Frugal Woodworking

Woodworking Tips for Affordable Woodworking

Category : Clamps & Vises

Super cheap and effective planing stop

screws for planing stops

We all struggle with various ways to hold wood effectively while we are planing.  There are dogs, toothed bench stops, and now there are screws…really cheap screws.  Seems like for a few bucks for some #14 screws you can modify them to make them very effective planing stops.

Check out the full article about screws as planing stops.



Edge Band clamps

Rockler has some very clever “Bandy Clamps” that use a sling of rubber banding to span the spring clamp ends which makes them useful for gluing on edge banding or edge trim.  They are very useful if you do a lot of that kind of work.  The problem is you need a lot of them and they are kind of pricey.

TabLeft Workshop did I nice video on how to make bunches of equivalent clamps using just inexpensive spring clamps and strips of bicycle inner tube.


Parallel Clamps

This solution to making parallel clamps out of a few strips of wood and 2 screw per clamp is pretty impressive.  Amazingly simple, yet seem to be quite strong.

Thanks to the blog at for putting together this video.


Better grips on clamp handles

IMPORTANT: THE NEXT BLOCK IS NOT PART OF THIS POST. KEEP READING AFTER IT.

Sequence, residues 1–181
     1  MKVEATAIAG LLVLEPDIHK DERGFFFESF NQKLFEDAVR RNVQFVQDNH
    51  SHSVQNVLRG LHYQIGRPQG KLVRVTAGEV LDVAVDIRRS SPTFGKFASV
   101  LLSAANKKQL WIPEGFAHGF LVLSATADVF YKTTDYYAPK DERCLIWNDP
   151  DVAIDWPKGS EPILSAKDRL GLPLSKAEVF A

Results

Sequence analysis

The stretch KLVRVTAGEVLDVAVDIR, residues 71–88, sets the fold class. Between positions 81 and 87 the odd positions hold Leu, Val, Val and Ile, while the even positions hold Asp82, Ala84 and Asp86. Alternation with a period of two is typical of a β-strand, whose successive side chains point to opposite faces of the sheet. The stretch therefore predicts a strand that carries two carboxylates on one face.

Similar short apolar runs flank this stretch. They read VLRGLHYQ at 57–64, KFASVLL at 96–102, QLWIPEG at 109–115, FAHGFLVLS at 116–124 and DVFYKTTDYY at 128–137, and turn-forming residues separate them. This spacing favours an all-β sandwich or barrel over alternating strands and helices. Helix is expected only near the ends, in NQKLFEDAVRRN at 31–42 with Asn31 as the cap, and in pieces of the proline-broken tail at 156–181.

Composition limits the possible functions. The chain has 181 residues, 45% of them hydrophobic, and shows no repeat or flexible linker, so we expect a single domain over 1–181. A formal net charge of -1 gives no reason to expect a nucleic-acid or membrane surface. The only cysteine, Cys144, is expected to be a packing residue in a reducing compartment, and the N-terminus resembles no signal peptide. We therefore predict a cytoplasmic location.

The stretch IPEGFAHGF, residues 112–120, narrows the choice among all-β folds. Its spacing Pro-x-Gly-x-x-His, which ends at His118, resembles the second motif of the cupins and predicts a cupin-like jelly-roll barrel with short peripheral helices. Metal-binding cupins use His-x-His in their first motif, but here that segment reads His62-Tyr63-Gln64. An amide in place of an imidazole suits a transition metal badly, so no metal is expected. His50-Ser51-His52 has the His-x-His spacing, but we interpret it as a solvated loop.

Usually in the middle of a project I realize that my grip is not what it used to be.  Unfortunately I realize that right when I need it the most.  In the midst of a glue-up I sometimes discover that I can’t tighten the handles of my clamps down the way I used to, at least not without more discomfort in my hands.  Here are some tips I’ve found for improving clamp handles.

Clamp Handle Wrap Products


Quick Clamp Restore

There is nothing worse and little more dangerous than a clamp that can’t be relied upon to do its job.  I have a pair of Craftsman Quick Clamps that I’ve had for almost 20 years.  Over time, they have lost their ability to clamp tightly.  The mechanism would just slip.  I believe the bar has become too polished and the clutch plates inside too smooth.  And no, the Craftsman Lifetime guarantee does not apply to clamps, somehow Sears does not consider them to be hand tools.

quick clamp repair

No longer able to hold securely, this quick clamp was in need of repair.

I just gave mine a new lease on life and it cost me nothing but a few minutes worth of time.  Here is what I did.  I opened the clamp as wide as it would go, then took a file and made a few passes  over the top and bottom surface of the bar.  I then closed the clamp and did this again to any area that was originally hidden by the clamp head.  You are trying to create just a little flat ridge on the top and bottom surface of the bar.

quick clamp repaired

With both the top and bottom of the bar filed, the clamp now holds tight.

After doing this with all of my clamps, they now hold tight and are able to be clamped down harder than they used to.  The roughing up with the file seems to give something for the clutch plates inside the clamp to grab onto.

Preserving the initial investment in your tools is a big step toward remaining a frugal woodworker.


Surface Vice

This is an inexpensive upgrade to your existing handscrew clamps that makes them a lot more valuable for less than a dollar’s worth of dowel.

Handscrew Dogs are awesome!

Handscrew dogs - a simple modification